Her newest album “Star-Crossed” is seemingly ineligible inside the class.
Kacey Musgraves broke her silence on the Recording Academy’s obvious choice to exclude her album “Star-Crossed” from competing within the nation class on the Grammys.
On Wednesday October 13, the “Justified” singer tweeted, “You can take the girl out of the country (genre) but you can’t take the country out of the girl,” together with a photograph of Musgraves sporting a pink cowboy hat as a toddler.
Her alleged exclusion from the class got here to gentle after a letter the president of her label, Cindy Mabe of Universal Music Group Nashville, wrote to the Recoding Academy protesting their choice hit the press.
In the letter — which you’ll be able to learn in full at Variety — Mabe mentioned she hoped Recording Academy CEO Harvey Mason Jr. would “fully understand the importance of Kacey Musgraves to country music, and why this decision is so much more than an entry point for an awards show.”
She additionally identified that diversifying the nation music style and representing feminine voices had been essential with “women making up only 10 percent of all country airplay.” The UMG Nashville president additionally introduced up Morgan Wallen and the controversy surrounding his racist outburst earlier this yr.
“This year alone country music has been mired in the controversy surrounding one of the format’s biggest artists, Morgan Wallen, who used a racial slur and grew fans and audience from it,” she continued. “THIS IS NOT ALL THAT WE ARE. Under the surface are the artists that change it all and they are led by the example of Kacey Musgraves.”
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Mabe additionally advised the choice was made by rivals who thought the 33-year-old singer can be a frontrunner inside the class.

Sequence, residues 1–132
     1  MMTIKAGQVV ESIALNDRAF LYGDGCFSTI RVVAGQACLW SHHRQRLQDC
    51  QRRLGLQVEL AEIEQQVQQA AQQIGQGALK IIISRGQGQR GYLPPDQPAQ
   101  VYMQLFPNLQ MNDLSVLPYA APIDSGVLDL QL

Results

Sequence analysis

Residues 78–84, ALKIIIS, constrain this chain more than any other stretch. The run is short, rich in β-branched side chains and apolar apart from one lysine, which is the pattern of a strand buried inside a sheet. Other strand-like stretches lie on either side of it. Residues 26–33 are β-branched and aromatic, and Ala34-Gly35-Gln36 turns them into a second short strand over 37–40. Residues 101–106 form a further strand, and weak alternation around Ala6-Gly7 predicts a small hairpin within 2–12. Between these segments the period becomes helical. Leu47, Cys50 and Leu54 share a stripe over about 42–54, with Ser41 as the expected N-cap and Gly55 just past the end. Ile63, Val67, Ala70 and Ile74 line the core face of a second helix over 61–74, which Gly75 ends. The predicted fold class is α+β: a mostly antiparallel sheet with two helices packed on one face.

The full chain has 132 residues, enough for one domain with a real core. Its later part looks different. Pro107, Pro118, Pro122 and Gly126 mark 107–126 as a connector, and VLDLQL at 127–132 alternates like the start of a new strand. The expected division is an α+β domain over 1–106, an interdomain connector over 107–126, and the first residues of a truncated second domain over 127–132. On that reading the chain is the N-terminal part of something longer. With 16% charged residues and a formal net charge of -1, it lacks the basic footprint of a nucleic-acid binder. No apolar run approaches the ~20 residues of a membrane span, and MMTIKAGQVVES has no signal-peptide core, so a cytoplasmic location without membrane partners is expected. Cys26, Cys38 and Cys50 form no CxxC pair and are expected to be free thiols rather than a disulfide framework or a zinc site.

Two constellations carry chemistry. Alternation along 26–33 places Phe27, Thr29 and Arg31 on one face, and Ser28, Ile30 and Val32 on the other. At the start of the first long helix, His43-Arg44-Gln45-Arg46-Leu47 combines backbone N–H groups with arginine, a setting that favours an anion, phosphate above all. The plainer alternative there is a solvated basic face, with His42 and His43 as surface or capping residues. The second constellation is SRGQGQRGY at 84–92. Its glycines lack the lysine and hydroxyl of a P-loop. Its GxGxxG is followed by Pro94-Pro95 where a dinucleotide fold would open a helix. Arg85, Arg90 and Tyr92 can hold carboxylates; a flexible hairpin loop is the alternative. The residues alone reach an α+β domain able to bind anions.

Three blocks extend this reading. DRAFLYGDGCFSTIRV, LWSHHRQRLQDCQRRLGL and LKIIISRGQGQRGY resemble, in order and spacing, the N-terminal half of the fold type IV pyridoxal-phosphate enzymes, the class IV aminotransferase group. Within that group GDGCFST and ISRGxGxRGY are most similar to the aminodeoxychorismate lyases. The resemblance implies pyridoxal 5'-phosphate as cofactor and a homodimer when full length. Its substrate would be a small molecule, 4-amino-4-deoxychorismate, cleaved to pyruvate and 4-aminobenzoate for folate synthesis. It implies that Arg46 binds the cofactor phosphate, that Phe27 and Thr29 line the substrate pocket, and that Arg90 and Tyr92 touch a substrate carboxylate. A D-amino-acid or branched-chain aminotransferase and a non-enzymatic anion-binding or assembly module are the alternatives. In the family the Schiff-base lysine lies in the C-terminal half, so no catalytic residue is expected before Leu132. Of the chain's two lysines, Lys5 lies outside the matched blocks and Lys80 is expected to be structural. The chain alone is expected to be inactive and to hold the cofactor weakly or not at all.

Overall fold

“The idea that a handful of people including competitors, who would benefit from Kacey not being in the country category, are deciding what is country only exacerbates the problem,” Mabe wrote. “The system is broken and sadly not just for Kacey Musgraves but for our entire genre because of how these decisions are made for music’s biggest stage.”
“I haven’t slept all weekend because I’m really sad for our format. I’m sad for fans of our music and the ramifications of how we’ll continue to define success in country music. This short-sided, biased decision will send ripples throughout our format to continue to insure that the message is sent that country music can only be for the limited few that enjoy the same perspective,” Mabe added.
Although the remainder of her album will probably be nominated inside the pop class, Musgraves’ tune “Camera Roll” will nonetheless be eligible inside the nation music style. So far, the Recording Academy has not commented on the matter.
The sixty fourth Grammy Awards are set for January 31, 2022.